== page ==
The Apple logo is seen through a security fence in New York, the US. Picture: REUTERS/ANDREW KELLY
The Apple logo is seen through a security fence in New York, the US. Picture: REUTERS/ANDREW KELLY

Apple  is cutting by half the fees charged to most developers who sell software and services on the App Store, marking the biggest change to the store’s revenue structure since the iPhone maker launched the service in 2008.

The company is lowering the App Store fee to 15% from 30% for developers who produce as much as $1m in annual revenue from their apps and those who are new to the store. The change will go into effect on January 1 as part of an App Store Small Business Program, Apple said on Wednesday in a statement. The company said the new structure will apply to the “vast majority” of developers who charge for apps and in-app purchases on Apple’s devices. The programme will not affect major apps, such as those from Netflix and Spotify Technology.

The Cupertino, California-based technology giant said it is  making the change to help small developers financially and to provide a way for them to invest in their businesses amid the economic struggles caused by the Covid-19 pandemic.

Apple has faced ongoing scrutiny from government regulators and criticism from developers about the percentage of revenue it takes for App Store purchases. The company also is engaged in a lawsuit with Epic Games, the maker of the video game Fortnite, over its App Store fees and payment rules. Alphabet’s Google also charges similar fees to developers on its Android app store.

The changes failed to appease one of the more vocal small developers who relies on Apple’s ecosystem. “If you’re a developer making $1m, Apple is STILL asking to be paid $150,000, just to process payments on the monopoly computing platform in the US. That’s obscene!” Basecamp Chief Technology Officer David Heinemeier Hansson wrote on Twitter.

In June, Apple blocked an update to Basecamp’s Hey e-mail app after the developer refused to implement a way to sign up in the app, which would have given Apple up to 30% of its revenue from the App Store. After the developer complained publicly, Apple said the app could stay as long as it followed other app-review guidelines.

Spotify, which has complained about Apple’s App Store fees and rules to the EU’s antitrust agency, did not immediately respond to requests for comment.

The EU is probing Apple for forcing software developers to use its in-app payment system, which effectively imposes its fees on many services using the App Store to reach consumers. While officials have said they aren’t targeting the amount that Apple charges, the focus on the payment system could also compel Apple to offer alternative payments providers to developers. The European Commission didn’t immediately respond to a request for comment on Apple’s fee reduction on Wednesday.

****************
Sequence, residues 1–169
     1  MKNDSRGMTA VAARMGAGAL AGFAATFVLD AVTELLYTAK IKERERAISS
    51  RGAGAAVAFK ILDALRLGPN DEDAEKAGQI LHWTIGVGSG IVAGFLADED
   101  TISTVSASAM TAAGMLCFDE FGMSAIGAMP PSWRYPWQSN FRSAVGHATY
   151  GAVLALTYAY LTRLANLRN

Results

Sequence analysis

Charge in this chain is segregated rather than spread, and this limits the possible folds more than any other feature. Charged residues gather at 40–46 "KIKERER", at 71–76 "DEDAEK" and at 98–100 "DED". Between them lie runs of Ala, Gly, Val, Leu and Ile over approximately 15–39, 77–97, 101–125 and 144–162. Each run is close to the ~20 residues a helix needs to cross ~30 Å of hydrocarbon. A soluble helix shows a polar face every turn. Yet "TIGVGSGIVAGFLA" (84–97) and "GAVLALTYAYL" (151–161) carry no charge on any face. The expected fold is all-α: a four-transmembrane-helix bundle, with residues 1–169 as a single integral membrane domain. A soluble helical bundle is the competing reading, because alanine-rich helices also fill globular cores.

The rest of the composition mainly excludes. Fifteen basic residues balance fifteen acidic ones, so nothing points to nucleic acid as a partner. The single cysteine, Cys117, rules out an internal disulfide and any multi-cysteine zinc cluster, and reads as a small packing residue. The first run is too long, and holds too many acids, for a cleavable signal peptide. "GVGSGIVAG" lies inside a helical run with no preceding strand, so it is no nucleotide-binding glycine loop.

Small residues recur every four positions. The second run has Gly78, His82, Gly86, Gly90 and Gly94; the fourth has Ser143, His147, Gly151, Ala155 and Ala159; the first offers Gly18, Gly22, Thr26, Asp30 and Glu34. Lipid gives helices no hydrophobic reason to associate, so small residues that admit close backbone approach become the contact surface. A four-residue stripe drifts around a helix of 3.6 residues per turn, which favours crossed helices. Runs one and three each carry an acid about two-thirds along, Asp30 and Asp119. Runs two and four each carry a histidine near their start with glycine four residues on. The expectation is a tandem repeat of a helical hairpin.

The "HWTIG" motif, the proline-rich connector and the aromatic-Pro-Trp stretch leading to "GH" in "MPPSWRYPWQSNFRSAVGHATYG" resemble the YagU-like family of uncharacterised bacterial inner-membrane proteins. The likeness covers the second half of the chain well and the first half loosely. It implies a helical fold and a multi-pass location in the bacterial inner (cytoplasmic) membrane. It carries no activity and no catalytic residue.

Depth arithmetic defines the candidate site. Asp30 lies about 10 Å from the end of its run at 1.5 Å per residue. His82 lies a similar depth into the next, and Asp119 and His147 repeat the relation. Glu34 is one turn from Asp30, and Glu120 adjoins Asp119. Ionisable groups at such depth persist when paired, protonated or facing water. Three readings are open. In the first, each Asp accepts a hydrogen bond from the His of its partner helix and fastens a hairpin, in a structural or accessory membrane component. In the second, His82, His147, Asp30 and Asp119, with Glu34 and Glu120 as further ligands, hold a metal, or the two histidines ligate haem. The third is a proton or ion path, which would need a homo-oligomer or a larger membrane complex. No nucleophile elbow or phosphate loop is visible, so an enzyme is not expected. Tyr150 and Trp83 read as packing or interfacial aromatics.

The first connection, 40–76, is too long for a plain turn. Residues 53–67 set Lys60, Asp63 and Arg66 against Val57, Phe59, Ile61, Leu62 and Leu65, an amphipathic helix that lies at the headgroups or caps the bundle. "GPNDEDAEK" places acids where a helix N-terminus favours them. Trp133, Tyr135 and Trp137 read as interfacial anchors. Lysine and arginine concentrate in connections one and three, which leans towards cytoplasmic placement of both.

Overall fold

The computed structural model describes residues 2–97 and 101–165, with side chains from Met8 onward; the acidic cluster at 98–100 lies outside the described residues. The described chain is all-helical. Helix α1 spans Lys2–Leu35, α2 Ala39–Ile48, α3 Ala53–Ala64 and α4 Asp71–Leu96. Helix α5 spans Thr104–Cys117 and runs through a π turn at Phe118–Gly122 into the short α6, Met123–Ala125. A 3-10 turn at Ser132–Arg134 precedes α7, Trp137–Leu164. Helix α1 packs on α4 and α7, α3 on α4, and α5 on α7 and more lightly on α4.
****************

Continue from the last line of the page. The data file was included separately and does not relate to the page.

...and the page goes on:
Income from app developers has been key to Apple’s growing services business, which reached almost $54bn in revenue in fiscal 2020. The App Store is one of several products and offerings that make up the services unit, but is the biggest revenue driver, according to Toni Sacconaghi, an analyst at Sanford C Bernstein. He estimates the App Store alone will bring in $18.7bn in 2021, about a third of Apple’s total services revenue in 2021.

Apple has said there are 1.8-million apps in the App Store across all of the company’s platforms and more than 28-million registered developers. The company said earlier in 2020 the store has generated $155bn for developers since it started.

Since the beginning of the App Store, Apple generally has charged developers a 30% slice of revenue generated by their apps. In 2016, Apple lowered to 15% the cut it takes from subscriptions purchased through the apps for more than a year. Earlier in 2020, Apple also loosened restrictions on some cloud-gaming apps and e-mail services, charging a fee to fewer developers.

CEO Tim Cook testified about the company’s App Store practices at a July hearing before US legislators. In advance of Cook’s appearance, Apple published a study that claimed its 30% cut is normal for the industry or lower than some app stores.

Apple’s standard 30% fee will remain for developers that generate more than $1m in a calendar year.

“We’re launching this programme to help small business owners write the next chapter of creativity and prosperity on the App Store, and to build the kind of quality apps our customers love,” Cook said in a statement. “The App Store has been an engine of economic growth like none other, creating millions of new jobs and a pathway to entrepreneurship accessible to anyone with a great idea.”

The company said that if a developer made $1m or less in 2020, the fee will drop to 15% in 2021 until they reach the $1m mark. If a developer does not reach $1m  in revenue in 2021, they will retain that discount in 2022. If a developer tops $1m  in revenue in a calendar year, they won’t be eligible again for the 15% split until their revenue falls to less than $1m for a full calendar year.

The change will take place across App Stores on the iPhone, iPad, Mac, Apple TV and Apple Watch. The company has said that 85% of apps found on the App Store are free and are not part of the revenue fee system.

Small developers make up the majority of App Store sellers. Some major apps, such as those offered by Netflix and Spotify, do not  let subscribers sign up through the App Store, avoiding the 30% charge. Apple’s new fee programme reductions won’t lure those subscriptions back because the popular apps generate far more than $1m annually.

Apple is betting that the fee change will result in developers creating more apps and sticking with the App Store, which will create enough new revenue to offset any potential financial negatives from the fee reductions.

Bloomberg 

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